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Density and muon

  1. Jan 28, 2013 #1
    In my (very brief) lecturer's notes there's written that ρ~mp~me3 (*). So.. when (hypothetically) replacing every electron with a muon (around 200me), could the density increase 2003 times? Where comes that (*) relation (in Bohr's model)?

    Just in case: it's not a homework question
  2. jcsd
  3. Jan 28, 2013 #2


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    Basically, yes. The radius of the electron orbital is inversely proportional with electron's mass. So if you replace it with a 200x heavier muon, then all of the atoms will get 200x smaller, increasing density by factor of 200³. Actually, a bit more, even, because of the added mass of the muon.

    In Bohr's atom, this is very easy to understand. The orbit is integer number of wavelengths, which fixes possible values of momentum, while the heavier particle in a particular orbit will have higher momentum. So the ground state, the lowest possible momentum and energy, is attained at much lower orbit for a heavier particle.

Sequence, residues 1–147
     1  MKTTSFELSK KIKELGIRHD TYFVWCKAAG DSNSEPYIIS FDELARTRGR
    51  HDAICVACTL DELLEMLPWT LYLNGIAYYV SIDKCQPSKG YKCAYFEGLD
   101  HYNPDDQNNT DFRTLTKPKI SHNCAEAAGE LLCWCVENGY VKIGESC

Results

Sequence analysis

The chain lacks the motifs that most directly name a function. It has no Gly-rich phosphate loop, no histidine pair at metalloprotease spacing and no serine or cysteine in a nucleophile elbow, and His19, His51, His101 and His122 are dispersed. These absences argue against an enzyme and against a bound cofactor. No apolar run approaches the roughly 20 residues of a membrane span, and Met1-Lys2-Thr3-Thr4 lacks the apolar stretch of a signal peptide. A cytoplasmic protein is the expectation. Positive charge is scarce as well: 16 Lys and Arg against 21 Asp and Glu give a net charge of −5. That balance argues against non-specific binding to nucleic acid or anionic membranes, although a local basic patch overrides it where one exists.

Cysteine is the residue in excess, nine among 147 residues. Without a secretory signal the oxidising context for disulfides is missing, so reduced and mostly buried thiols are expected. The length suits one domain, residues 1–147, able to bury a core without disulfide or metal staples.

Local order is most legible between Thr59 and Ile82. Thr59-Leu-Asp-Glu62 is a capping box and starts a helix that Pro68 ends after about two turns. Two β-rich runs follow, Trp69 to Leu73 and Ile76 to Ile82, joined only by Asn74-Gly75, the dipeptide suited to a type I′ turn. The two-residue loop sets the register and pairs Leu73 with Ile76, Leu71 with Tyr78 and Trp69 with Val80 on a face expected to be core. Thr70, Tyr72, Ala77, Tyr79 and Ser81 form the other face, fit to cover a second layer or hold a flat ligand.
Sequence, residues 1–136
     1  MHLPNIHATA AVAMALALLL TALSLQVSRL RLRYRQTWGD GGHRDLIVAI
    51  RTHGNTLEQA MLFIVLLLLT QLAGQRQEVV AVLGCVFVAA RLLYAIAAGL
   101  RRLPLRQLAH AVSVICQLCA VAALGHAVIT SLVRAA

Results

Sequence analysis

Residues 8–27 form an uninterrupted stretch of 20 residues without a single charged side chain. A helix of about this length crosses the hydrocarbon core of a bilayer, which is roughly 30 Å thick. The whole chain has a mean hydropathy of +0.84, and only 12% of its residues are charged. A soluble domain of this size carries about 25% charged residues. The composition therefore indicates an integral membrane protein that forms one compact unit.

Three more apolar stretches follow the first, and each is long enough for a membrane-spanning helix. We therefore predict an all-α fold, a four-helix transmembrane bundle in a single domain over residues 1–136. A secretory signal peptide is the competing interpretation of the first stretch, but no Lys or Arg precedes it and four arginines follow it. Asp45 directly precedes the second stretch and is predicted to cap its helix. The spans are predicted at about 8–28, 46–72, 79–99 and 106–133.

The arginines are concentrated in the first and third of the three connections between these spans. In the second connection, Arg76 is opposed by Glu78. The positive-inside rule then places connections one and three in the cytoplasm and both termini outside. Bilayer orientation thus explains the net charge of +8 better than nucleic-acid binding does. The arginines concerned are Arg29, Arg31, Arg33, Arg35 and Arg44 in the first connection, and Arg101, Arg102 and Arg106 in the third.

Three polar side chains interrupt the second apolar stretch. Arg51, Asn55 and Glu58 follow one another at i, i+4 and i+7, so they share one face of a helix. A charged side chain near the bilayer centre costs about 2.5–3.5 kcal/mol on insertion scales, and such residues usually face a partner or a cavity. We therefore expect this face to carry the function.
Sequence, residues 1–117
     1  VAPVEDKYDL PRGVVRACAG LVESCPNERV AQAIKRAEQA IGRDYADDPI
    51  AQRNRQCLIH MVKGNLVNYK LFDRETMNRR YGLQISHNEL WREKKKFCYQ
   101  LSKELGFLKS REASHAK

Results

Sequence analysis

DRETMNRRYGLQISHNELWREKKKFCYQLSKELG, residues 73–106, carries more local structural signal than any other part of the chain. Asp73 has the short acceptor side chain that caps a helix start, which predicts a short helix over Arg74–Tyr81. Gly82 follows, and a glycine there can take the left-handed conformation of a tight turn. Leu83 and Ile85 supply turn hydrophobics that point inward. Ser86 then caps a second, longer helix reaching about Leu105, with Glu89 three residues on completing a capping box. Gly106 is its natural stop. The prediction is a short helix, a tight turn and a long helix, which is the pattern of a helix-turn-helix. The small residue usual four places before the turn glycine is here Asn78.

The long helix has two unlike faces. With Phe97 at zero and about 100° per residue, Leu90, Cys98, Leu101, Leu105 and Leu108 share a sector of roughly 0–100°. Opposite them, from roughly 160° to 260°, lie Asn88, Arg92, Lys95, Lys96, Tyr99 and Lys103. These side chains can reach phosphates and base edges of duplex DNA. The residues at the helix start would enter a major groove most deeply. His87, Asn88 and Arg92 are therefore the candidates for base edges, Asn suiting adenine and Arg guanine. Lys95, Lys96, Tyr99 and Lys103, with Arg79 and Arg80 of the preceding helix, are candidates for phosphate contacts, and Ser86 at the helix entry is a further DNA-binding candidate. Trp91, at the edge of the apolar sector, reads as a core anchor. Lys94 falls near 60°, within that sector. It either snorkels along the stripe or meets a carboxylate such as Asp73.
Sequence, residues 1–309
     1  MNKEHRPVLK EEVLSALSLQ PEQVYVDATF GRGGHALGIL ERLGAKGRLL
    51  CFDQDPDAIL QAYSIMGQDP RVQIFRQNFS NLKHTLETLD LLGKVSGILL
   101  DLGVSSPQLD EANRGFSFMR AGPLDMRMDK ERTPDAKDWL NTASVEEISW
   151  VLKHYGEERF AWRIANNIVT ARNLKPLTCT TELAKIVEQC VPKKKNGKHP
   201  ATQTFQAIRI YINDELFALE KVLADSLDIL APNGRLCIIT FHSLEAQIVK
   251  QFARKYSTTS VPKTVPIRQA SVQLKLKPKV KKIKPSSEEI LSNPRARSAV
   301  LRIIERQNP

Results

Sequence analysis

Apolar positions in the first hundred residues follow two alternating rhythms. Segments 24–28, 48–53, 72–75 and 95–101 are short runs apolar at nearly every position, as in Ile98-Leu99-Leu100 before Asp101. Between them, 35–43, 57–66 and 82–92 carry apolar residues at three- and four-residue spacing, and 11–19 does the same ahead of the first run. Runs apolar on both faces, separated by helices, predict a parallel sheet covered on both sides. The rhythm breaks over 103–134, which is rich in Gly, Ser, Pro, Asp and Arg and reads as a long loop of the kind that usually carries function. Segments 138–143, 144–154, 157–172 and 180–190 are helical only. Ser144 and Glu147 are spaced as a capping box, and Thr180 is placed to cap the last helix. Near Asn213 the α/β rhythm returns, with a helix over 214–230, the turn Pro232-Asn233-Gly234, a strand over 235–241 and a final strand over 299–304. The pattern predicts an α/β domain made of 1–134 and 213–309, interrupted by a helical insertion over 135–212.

Of course, that's not actually how the electron or muon behaves in an atom, but this is how Bohr derived the radius and relationship, which just happened to be correct. The principle is similar, however. Muon will have higher momentum in an atom, and therefore, its orbitals will be smaller, giving you higher density as a result.
  4. Jan 28, 2013 #3
    Thanks! I completely missed the quantization of angular momentum. When r~m-1 then E~m*r-2~m3.
  5. Jan 28, 2013 #4


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    Just keep in mind that it's not just angular momentum. L=0 orbitals shrink by the same factor.
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